How a specification author can help
I have found it to be an incredibly helpful exercise to treat the instructions within a specification as code from the perspective of a naive implementor, someone who doesn’t have my background or goals when approaching the spec text. Take the spec text and do what it actually says. Not what you meant for it to say, not what you wanted to be able to do with it, but just what it says. It can be enlightening to see the gaps and assumptions that get made here.
Think in terms of code paths. Every single decision point needs to have clear branching context to allow the implementor to make the right decision for their context. If you made something optional, it’s optional for a reason, and a decision needs to be made when you hit that branching point. If you have a field that has a name, make sure you write down what name it is. If something has an internal format, make sure you write down that format and the rules for consuming and creating it.
Formal testing and analysis can help this, and we’ve seen fantastic results in the wild from making conformance testing freely available. However, it’s not a sure thing — I’ve also seen cases where the conformance suite and the specification disagree, and the community goes with whatever the conformance suite accepts. Remember, standards bodies do not have enforcement arms, and developers are going to do whatever they have to to solve their problems and move on.
It’s tempting for a specification to be loosely defined so that a lot of different implementations can claim compliance. This type of lip-service to compliance is particularly dangerous in the process of writing standards, and unfortunately it’s very common. I have seen far too many so-called “standards” get published where there is zero chance of code re-use or interoperability between different systems because everything is just far too loosely defined. Usually this happens because some company has a product that they want to stamp with the standard-compliance label, and they don’t want to change that product. If there’s anything that they can do to protect their proprietary magic, they will, but a good standards author and working group can actively guard against this kind of attack by always asking what a naive developer would do with the optional spaces.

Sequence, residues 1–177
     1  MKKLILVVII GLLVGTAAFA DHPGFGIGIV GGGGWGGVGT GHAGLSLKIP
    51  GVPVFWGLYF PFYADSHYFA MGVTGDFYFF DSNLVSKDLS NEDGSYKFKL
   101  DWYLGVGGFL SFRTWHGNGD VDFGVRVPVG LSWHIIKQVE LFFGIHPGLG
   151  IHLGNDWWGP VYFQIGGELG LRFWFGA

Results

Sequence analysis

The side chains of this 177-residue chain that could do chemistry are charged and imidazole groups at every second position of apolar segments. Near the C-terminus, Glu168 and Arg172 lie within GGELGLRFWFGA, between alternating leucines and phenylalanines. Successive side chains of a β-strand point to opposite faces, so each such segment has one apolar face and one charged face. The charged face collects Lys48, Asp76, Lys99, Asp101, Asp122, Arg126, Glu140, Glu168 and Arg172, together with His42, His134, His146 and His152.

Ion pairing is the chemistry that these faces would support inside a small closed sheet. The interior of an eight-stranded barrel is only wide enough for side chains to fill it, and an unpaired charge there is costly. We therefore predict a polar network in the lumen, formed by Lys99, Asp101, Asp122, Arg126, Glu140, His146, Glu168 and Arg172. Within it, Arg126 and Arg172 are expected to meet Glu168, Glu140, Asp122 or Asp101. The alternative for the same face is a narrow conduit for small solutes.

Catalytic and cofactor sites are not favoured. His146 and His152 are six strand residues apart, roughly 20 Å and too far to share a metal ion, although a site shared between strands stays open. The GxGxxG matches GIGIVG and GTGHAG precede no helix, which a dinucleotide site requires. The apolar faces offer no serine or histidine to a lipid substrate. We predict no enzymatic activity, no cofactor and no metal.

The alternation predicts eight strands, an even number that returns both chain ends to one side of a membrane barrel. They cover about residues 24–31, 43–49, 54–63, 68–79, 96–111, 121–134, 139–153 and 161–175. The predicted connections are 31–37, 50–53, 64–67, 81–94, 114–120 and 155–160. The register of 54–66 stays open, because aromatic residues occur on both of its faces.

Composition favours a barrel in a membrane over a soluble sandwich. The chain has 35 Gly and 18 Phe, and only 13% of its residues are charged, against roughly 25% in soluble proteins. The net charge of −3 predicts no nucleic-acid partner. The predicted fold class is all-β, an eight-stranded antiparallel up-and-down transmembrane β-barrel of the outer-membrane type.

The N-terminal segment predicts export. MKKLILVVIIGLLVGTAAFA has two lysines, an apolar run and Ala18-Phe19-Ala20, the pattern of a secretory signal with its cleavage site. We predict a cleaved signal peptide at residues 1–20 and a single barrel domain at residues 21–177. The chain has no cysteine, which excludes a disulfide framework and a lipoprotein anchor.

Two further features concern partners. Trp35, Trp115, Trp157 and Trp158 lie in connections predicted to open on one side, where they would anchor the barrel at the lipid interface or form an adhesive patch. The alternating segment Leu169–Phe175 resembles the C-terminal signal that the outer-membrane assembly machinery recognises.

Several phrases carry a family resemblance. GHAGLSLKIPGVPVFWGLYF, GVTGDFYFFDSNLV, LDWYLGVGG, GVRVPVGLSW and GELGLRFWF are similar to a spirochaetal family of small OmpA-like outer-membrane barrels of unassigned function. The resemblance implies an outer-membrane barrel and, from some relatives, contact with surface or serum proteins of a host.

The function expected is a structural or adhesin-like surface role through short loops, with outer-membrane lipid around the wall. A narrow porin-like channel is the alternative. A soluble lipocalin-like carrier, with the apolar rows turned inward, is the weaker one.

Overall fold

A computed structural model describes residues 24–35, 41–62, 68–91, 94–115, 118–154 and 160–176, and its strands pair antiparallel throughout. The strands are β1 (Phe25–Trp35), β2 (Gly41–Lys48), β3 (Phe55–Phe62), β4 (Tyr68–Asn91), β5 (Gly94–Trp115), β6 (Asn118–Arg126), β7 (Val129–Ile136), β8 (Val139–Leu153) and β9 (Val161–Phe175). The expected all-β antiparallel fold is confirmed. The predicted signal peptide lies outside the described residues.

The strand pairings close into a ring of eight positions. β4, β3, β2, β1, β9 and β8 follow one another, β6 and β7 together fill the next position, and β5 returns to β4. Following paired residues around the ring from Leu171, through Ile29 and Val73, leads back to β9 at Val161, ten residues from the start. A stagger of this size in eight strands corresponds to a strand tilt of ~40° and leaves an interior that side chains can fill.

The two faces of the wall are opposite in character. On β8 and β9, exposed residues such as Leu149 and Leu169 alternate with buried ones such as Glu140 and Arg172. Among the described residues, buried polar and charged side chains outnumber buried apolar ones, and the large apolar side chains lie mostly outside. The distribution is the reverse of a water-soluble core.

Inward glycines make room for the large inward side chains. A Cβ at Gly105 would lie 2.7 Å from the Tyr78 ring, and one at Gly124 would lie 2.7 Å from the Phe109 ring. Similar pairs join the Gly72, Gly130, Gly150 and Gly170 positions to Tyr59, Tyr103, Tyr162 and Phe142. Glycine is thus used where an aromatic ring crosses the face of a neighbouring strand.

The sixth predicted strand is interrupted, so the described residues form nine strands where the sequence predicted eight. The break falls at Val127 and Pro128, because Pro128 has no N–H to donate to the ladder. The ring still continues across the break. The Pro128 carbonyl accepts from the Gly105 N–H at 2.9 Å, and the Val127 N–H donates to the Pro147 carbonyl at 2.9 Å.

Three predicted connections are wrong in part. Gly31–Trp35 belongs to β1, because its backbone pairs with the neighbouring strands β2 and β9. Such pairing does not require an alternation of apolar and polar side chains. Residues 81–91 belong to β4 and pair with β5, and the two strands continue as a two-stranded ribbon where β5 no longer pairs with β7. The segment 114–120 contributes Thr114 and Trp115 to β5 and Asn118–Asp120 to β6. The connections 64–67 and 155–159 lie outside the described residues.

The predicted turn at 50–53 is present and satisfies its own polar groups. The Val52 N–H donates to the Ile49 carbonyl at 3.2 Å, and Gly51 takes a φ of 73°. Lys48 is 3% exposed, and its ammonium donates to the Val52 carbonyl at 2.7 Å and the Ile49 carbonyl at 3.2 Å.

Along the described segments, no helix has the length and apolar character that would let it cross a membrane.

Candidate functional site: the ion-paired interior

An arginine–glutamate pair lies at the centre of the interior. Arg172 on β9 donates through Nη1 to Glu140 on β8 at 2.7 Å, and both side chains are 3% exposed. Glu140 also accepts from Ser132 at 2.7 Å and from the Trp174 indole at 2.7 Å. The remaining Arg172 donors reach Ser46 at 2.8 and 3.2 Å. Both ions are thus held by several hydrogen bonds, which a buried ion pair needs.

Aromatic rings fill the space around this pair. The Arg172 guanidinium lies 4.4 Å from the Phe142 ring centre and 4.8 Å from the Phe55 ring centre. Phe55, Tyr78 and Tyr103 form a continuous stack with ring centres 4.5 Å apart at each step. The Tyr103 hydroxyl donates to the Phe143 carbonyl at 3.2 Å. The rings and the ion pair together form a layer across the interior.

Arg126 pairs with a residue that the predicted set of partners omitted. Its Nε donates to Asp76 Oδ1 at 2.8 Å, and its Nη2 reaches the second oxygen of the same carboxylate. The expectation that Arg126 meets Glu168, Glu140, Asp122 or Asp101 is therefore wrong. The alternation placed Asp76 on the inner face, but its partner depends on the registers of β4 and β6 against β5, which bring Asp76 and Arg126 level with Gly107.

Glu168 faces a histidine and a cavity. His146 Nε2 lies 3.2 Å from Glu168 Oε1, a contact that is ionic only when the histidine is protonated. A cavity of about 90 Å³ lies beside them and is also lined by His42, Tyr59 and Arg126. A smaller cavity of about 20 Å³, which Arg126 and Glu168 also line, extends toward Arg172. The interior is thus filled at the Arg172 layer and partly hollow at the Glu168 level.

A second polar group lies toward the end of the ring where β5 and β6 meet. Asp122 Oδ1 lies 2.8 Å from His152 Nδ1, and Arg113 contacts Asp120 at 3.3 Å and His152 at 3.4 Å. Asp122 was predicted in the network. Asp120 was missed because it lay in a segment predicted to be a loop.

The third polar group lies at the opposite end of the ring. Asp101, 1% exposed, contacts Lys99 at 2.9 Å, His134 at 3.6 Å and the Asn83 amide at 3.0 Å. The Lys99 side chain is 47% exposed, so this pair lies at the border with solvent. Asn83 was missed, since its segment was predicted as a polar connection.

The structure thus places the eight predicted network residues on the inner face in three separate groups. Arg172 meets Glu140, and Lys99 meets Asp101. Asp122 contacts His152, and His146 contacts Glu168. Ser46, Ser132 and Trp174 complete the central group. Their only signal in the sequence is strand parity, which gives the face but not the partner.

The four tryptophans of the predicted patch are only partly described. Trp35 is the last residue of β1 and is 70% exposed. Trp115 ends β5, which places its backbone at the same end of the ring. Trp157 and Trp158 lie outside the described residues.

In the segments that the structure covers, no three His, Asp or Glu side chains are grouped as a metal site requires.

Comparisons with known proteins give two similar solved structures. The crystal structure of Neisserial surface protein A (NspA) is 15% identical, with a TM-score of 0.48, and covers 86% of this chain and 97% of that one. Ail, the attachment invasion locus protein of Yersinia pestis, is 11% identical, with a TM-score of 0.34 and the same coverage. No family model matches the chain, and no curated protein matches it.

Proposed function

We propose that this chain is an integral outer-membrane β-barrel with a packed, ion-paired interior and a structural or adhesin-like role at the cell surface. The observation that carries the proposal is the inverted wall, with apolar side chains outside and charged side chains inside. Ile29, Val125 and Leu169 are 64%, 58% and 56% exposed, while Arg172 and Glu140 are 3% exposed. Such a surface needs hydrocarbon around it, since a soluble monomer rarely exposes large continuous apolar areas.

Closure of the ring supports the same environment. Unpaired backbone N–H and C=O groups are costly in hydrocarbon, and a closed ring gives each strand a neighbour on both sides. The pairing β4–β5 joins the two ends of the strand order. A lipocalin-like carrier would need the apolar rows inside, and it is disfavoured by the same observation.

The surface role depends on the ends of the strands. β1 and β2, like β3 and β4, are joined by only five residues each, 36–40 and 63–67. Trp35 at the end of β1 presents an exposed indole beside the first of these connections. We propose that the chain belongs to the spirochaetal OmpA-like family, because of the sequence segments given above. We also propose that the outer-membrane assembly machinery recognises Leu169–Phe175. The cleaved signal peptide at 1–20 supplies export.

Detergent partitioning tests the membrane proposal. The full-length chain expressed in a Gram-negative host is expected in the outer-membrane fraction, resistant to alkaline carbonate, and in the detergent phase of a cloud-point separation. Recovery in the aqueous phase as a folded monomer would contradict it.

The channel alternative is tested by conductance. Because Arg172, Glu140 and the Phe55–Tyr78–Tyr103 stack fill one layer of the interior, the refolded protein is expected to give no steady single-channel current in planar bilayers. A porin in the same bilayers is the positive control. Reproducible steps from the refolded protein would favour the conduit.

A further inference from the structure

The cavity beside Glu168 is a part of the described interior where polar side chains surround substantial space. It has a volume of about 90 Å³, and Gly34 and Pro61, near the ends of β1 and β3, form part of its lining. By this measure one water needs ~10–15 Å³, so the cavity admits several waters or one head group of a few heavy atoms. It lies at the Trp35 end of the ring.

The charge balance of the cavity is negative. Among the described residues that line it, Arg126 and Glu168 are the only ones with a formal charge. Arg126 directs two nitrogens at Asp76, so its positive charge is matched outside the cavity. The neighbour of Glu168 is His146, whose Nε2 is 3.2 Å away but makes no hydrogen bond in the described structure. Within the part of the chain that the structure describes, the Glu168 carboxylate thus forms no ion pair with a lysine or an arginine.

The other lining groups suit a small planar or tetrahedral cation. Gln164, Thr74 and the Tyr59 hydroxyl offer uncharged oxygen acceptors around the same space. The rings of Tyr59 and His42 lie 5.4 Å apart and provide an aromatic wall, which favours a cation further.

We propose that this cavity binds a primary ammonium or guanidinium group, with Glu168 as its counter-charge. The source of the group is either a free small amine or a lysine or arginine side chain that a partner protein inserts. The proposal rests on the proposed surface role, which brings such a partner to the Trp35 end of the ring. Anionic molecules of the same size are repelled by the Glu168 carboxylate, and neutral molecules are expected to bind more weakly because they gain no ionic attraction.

In the end, you should never forget the specific part of specification — remember why you’re writing it in the first place, and who you’re writing it for. This code has to run, and it’s up to you to write something that will run consistently and correctly on the worst execution platform possible.